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Chapter Objectives

Upon completion of this chapter, the learner should be able to:

  1. Describe the key aspects of anatomy and physiology of the vestibular system and the implications of specific disorders.

  2. Describe the normal functions of the vestibular system.

  3. Analyze clues from the medical history and clinical examination findings to differentiate between peripheral and/or central dysfunctions.

  4. Select appropriate vestibular testing methods for a given patient scenario.

  5. Differentiate normal from abnormal on the vestibular examination tests and measures.

  6. Explain specific vestibular test results and implications for treatment decisions.

Introduction

The vestibular system is the sensory system that plays a dominant role in postural control, eye-head coordination, and perception of our orientation in space. Dysfunction in the vestibular system may result in unsteadiness, dizziness, and/or misperceptions about movement of the body or head in space. Dizziness and balance disorders are a frequent complaint to physicians (Maarsingh, 2010; Jonsson, 2004; Tinetti, 2000; Sloane, 2001). One large epidemiological study reported an estimated 69 million Americans have experienced some form of vestibular dysfunction (Agrawal, 2009). Studies also show dizziness is the third most common complaint to physicians (Warner, 1992), and in 85% of patients reporting these symptoms, the cause is vestibular dysfunction (Guzmán, 2001). Balance impairment is one of the most important risk factors for falls and injuries. From 1999 to 2013, more than 25,000 fall deaths occurred among people ages 65 and older resulting in the leading cause of death due to unintentional injury in the United States (CDC, 2015). Research shows declines in balance occur even in the context of typical geriatric pathological changes. Hip fractures are the most common result from a fall (Parkkari, 1999), however, the elderly rarely report falls to caregivers or family (CDC, 2003). One of the most difficult issues facing health-care providers is formulating an accurate diagnosis and effective treatment plan. Part of the challenge is that dizziness is a vague term and does not provide the examiner with any specific information about the possible pathology. Dizziness is also a common symptom secondary to a number of disease processes and is one of the most common side effects of prescription medication. Even outside the context of the effect on balance, vestibular dysfunction can result in significant fear and avoidance and even emotional distress associated with activity and participation restrictions (Yardley, 2004; Hillier, 2011) that limit an individual’s engagement in society and life roles. Therefore, an efficient and effective examination is essential to identify appropriate interventions to restore activity and participation.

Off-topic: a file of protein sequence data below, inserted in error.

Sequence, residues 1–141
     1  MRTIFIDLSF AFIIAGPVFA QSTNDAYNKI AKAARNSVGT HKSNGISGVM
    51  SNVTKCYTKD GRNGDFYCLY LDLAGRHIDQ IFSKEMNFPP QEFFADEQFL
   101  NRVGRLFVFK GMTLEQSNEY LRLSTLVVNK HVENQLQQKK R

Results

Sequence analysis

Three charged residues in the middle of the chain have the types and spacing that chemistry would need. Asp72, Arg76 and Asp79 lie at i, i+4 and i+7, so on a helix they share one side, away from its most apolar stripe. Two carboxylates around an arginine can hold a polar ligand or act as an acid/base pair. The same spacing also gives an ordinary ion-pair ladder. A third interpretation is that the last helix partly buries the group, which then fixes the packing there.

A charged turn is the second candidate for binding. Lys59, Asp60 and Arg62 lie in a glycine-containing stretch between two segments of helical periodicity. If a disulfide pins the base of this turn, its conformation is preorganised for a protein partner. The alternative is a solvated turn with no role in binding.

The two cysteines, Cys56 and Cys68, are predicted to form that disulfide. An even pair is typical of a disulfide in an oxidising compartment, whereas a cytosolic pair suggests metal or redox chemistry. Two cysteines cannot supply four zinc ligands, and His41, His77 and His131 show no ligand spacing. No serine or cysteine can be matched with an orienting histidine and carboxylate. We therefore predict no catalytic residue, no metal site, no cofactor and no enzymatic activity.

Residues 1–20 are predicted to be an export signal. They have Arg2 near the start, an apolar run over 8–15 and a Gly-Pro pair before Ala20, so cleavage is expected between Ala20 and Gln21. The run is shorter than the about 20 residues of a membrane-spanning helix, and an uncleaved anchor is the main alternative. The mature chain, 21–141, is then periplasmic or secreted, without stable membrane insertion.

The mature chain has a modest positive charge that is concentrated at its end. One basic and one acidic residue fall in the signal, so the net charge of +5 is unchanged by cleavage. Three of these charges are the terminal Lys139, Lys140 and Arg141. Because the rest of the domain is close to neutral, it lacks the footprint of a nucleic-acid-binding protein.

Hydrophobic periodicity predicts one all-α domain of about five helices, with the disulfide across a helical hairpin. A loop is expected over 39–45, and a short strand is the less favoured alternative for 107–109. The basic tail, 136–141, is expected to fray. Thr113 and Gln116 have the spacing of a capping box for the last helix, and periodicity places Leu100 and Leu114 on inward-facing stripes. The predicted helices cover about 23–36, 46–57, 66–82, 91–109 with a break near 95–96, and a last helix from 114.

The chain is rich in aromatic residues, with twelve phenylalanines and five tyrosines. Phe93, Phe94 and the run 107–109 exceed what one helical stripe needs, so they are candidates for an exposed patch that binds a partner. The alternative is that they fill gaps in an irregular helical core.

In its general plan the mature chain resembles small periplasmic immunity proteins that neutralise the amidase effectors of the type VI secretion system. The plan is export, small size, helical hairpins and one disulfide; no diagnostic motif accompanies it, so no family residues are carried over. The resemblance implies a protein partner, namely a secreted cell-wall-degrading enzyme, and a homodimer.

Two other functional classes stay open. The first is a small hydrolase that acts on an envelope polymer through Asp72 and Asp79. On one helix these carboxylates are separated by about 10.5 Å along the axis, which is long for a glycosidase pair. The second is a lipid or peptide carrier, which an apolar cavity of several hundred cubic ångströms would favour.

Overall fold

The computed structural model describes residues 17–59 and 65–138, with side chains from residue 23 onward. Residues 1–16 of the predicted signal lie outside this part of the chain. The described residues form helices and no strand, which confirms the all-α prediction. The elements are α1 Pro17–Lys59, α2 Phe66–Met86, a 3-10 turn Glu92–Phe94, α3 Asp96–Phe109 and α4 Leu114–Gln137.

The purpose of this chapter is to discuss the clinical examination and evaluation of individuals with vestibular disorders. Key aspects of anatomy and physiology of the vestibular system are reviewed as well as the effect of common vestibular disorders and the most important tests and measures. By the end of this chapter, the reader should be able to analyze clues from the medical history and clinical examination to ...

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